Writing from Des Moines on the night of the Iowa caucuses after seeing loser Hillary Clinton address demoralized supporters and Barack Obama electrify thousands of his fans, I confidently declared: “the era of the Clintons is over.”
More than five months later, Clinton finally did drop out of the race. But now I’m no longer convinced that her stunning defeat actually represents the last gasp of the Clintons in presidential politics.
For much of the Democratic nomination battle, I figured that because Hillary went into the primary season as a prohibitive favorite to win the nomination, a defeat would represent such a profound rejection of Clintonism that she would never be able to mount a credible campaign again and probably wouldn’t even try.
However, considering that Clinton carried on her campaign for months after it was clear she was all but mathematically eliminated, there should be no doubt that Clinton’s presidential ambitions are deep enough for her to make another attempt in 2012, should Obama lose to John McCain this fall. And if Obama does lose, Clinton has already set the stage for the biggest “I told you so” in political history.
To be sure, there are good arguments for why Clinton wouldn’t win in four years. By dragging out the Democratic race, Clinton no doubt burned bridges within the Democratic Party. This problem was exacerbated by a steady flow of comments from both her and Bill that ranged from offensive to bizarre.
Should Obama lose this November, many Democrats will surely lay the blame at the Clintons’ doorstep.
BUT WHILE THE MEDIA, liberal bloggers, and a good portion of the Democratic electorate had run out of patience with the Clintons by the end of February, many Democrats didn’t seem to mind.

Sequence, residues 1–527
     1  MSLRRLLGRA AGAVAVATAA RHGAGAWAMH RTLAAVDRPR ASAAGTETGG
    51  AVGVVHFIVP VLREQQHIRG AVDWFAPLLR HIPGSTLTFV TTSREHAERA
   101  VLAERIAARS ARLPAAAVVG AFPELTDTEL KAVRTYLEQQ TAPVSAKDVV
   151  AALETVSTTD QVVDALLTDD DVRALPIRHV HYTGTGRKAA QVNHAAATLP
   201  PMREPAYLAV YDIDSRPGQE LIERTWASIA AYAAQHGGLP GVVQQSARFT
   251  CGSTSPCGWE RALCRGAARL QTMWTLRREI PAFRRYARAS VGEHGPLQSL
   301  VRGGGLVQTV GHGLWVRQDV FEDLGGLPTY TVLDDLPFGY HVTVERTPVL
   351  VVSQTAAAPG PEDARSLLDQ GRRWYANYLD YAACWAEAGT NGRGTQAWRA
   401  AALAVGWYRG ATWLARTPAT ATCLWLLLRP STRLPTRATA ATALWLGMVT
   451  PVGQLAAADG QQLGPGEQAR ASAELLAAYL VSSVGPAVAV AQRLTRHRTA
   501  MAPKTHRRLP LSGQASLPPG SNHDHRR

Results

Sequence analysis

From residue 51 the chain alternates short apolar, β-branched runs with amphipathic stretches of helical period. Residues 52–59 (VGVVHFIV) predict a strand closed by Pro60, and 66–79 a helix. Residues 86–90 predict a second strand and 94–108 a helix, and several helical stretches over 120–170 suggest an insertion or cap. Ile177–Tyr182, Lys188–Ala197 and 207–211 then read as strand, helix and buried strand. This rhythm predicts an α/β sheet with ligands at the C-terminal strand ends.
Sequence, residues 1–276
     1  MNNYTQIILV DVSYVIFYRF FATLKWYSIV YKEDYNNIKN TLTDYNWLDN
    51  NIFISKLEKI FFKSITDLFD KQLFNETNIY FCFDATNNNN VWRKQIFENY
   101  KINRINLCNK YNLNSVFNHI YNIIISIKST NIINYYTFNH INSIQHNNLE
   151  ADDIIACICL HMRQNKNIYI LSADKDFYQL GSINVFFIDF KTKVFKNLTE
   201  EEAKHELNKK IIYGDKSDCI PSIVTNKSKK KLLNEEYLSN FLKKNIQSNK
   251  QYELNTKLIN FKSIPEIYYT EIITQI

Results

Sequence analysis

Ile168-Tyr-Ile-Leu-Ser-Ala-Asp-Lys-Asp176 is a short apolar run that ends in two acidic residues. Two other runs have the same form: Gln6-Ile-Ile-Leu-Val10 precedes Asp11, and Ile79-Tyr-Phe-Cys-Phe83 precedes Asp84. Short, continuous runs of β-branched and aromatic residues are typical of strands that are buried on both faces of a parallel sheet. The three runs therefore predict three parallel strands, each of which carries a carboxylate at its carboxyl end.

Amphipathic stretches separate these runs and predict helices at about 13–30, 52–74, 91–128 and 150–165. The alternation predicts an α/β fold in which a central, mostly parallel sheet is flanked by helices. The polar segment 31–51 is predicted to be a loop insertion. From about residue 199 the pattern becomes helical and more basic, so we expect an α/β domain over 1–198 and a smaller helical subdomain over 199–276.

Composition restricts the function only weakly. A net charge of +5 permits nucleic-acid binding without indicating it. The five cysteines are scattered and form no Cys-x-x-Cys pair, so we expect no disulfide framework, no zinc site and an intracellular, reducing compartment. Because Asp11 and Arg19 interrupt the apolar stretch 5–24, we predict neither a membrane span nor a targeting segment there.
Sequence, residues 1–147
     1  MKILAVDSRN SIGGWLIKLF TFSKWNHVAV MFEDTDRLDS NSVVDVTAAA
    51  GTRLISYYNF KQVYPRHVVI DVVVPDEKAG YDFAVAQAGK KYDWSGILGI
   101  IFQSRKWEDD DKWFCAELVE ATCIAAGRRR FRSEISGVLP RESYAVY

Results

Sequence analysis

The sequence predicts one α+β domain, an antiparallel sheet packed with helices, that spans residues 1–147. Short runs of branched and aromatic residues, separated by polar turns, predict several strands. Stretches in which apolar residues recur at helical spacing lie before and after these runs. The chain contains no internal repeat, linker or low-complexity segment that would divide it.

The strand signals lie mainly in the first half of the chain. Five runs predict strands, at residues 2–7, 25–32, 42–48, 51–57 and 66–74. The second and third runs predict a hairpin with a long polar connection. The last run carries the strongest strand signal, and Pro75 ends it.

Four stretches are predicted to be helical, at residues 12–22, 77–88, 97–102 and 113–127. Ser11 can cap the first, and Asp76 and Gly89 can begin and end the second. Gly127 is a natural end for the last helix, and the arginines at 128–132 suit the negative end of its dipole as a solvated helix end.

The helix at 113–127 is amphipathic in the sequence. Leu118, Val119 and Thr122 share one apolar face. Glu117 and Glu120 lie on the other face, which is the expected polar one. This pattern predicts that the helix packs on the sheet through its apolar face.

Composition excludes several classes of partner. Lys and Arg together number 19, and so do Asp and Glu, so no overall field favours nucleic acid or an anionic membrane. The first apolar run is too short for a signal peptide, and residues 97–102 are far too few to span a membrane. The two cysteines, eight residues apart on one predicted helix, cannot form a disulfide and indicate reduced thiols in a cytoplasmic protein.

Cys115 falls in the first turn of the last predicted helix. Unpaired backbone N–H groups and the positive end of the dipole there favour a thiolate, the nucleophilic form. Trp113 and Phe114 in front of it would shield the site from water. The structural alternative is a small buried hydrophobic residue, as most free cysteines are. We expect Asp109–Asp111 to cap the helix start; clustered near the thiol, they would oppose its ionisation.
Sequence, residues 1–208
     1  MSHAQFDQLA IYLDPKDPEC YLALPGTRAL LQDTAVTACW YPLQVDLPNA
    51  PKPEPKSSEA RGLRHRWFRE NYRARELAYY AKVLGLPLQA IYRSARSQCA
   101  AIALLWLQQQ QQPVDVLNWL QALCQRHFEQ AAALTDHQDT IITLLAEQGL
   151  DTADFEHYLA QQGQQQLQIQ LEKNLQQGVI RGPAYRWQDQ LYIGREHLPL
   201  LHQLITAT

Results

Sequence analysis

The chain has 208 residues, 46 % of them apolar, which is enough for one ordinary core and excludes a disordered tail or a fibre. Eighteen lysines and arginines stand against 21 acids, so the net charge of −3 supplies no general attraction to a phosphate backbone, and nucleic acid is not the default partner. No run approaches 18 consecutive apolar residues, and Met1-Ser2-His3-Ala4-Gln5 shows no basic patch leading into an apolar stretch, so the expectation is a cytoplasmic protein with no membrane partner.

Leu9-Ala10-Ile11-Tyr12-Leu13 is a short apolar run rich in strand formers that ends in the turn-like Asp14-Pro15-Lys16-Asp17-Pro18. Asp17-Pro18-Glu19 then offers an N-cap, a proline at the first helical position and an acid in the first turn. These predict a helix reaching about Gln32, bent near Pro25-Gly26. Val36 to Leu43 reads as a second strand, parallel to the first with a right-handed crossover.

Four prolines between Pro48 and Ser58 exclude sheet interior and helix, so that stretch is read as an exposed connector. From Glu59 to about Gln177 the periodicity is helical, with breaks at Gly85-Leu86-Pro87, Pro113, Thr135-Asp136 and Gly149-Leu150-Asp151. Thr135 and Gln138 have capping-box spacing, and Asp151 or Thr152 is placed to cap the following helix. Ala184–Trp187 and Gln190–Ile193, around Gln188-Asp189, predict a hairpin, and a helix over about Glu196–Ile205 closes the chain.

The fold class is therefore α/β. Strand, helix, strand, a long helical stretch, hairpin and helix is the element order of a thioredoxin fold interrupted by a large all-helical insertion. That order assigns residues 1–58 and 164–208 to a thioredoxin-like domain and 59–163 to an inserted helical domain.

Clinton actually did better than Obama in the last three and a half months in the race. Despite constant reminders that she had no realistic chance of winning the nomination, she won Ohio, Texas, Pennsylvania, and Obama’s neighboring state of Indiana.
She obliterated Obama in Kentucky and West Virginia in the weeks after NBC’s Tim Russert declared Obama the nominee. And even as Obama was being crowned the presumptive nominee last Tuesday, Clinton beat him in South Dakota.
Given that her support among women, the elderly, and working class whites proved so resilient during this campaign, there’s every reason to believe that these groups could provide a strong foundation to run on four years from now. She can especially appeal to Democratic female voters that it’s now her turn.
“Although we weren’t able to shatter that highest, hardest glass ceiling this time, thanks to you, it’s got about 18 million cracks in it,” Clinton said in her Saturday concession speech, adding “the path will be a little easier next time.”
Also keep in mind that it’s unlikely that next time around she would face an opponent capable of garnering more than 90 percent of the black vote.
ALTHOUGH OBAMA DID triumph over the Clinton machine, it says something that it took an utter phenomenon for the Clintons to lose.
Down the stretch of the campaign, Bill was increasingly portrayed as being a buffoon, drawing headlines for his red-faced tirades and obsession with the 1990s. Yet he continued to draw large and enthusiastic crowds wherever he went. Even though Clinton ended the campaign in debt, she still raised more than $225 million.
And despite the frustration of Democratic Party insiders about the fact that the race was dragging on, superdelegates who had the power to end the race months earlier, held out until June in deference to the Clintons.
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